Loved the college story ! Thanks for your words of wisdom
    Fran Cooley

  2. Sandee on April 29, 2020 at 1:18 pm

    You are always such an inspiration, Cindy. Thank you for your precious words.

  3. Lisa Larsen Hill on April 29, 2020 at 3:22 pm

    Thank you Lucinda for these wonderful thoughts and prayers!

  4. Polly Brown on April 29, 2020 at 4:32 pm

    Lucinda, this is one of the best articles I have read on prayer. Thank you so much. I love that you sent your kids off to school with your prayers and blessing. I had a friend who also did it. My children went to boarding school when we worked in Pakistan, and the night before they left, my husband prayed with each of them individually. They never forgot it. It was just a very special time with Dad. I wonder when you were at Gordon Conwell. My son Stan Brown, the one I lost to an accident in February, was there from 91-94. He, his wife and two kids lived in one of the apartments, and Christy Wilson and his wife lived just down the hall from them. I heard about his practice of always praying immediately for any prayer request. Stan and Tami were a bit older. They had been in Kenya for several years. I plan to share this post with my Bible Study group, and the women I pray with weekly. Blessings on you.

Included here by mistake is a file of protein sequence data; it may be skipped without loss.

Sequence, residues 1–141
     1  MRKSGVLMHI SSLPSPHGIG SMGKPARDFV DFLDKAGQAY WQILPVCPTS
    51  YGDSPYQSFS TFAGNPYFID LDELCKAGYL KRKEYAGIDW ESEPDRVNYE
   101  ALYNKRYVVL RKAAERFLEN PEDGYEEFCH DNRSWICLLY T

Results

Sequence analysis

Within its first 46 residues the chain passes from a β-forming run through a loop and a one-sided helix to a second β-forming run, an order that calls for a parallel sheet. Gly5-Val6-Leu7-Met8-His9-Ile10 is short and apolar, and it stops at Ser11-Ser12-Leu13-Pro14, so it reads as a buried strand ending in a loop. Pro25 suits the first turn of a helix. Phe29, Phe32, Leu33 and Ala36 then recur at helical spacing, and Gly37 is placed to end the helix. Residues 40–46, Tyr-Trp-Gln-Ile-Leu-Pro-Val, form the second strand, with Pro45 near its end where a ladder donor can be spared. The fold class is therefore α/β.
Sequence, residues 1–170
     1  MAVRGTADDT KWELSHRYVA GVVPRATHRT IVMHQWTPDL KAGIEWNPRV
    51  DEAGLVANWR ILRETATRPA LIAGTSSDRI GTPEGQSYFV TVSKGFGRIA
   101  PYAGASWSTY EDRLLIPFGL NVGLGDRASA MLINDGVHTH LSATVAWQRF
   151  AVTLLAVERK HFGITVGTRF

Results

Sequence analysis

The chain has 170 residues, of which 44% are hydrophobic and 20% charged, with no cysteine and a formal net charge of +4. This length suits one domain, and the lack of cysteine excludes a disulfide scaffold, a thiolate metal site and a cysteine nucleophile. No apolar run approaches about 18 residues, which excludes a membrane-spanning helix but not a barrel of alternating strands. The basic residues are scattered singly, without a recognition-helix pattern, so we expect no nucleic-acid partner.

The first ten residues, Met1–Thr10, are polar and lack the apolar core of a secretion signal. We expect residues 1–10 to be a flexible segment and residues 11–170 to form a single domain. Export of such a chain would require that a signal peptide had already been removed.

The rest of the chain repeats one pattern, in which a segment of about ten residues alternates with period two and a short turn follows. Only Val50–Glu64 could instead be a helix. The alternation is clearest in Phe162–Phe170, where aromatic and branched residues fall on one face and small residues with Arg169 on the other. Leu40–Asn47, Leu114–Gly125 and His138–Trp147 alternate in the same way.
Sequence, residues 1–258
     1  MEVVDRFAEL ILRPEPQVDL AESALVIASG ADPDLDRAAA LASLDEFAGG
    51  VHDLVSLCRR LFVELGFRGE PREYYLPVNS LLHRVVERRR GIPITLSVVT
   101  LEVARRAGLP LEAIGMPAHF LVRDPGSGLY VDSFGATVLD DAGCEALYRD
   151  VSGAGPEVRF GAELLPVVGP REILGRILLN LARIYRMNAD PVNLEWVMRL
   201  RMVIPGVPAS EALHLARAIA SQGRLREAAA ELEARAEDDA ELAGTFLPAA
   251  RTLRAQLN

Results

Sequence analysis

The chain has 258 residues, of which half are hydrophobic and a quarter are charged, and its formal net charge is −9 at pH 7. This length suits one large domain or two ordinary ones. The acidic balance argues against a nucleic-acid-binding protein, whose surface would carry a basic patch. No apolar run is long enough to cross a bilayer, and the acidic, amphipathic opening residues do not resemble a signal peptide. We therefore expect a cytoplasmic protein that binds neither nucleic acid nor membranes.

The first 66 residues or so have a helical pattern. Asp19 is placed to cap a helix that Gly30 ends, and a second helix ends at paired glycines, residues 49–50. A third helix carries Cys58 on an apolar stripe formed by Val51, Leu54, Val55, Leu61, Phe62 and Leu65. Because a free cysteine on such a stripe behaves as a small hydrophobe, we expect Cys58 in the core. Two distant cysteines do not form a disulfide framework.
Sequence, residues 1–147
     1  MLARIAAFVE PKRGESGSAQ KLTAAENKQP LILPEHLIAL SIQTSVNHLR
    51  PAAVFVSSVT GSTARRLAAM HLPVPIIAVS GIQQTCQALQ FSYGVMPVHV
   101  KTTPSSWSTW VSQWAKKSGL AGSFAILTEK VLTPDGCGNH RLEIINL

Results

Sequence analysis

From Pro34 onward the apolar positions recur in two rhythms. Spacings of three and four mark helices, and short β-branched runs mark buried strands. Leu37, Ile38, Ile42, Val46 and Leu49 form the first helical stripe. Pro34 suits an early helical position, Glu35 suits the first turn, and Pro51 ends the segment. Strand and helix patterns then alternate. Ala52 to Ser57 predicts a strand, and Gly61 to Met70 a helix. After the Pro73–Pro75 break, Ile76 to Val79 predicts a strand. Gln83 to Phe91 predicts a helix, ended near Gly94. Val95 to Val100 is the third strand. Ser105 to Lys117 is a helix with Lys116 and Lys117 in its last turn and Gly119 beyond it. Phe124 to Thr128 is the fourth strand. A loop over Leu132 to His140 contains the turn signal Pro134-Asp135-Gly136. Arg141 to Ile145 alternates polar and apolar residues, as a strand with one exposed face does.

• Gail Hollingsworth on April 29, 2020 at 5:06 pm

      Loved reading this. Pray without ceasing is a great challenge. Starting the day with “Dear Heavenly Father” and ending it with “In Jesus Name, Amen” is something to not just think about but do.

  5. Polly Brown on April 29, 2020 at 4:33 pm

    PS to above: I’m glad you kept your eyes open when driving and praying:)

  6. Joanne Johnson on April 29, 2020 at 4:44 pm

    Thank you Lucinda, your email came at just the right moment. I was looking to pray for one of my sisters in our church group, her family has Covid 19. Grabbing your book I had gotten at one of your wonderful retreats. Much love and stay well
    Joanne

  7. Maggie Rowe on April 29, 2020 at 8:09 pm

    Your spoken prayers from Soul Strong are a treasure – almost like an audiobook but easier to share. Your heart for prayer and your beautiful writing has blessed countless of God’s children and will continue to bless many more.

    • Nancy Smith on May 4, 2020 at 8:23 pm

      I enjoyed the classroom prayer story too! It sounded like something we did at Word of Life. Who says being a Christian is boring? I too have learned that the quick prayer immediately is better than the forgotten one!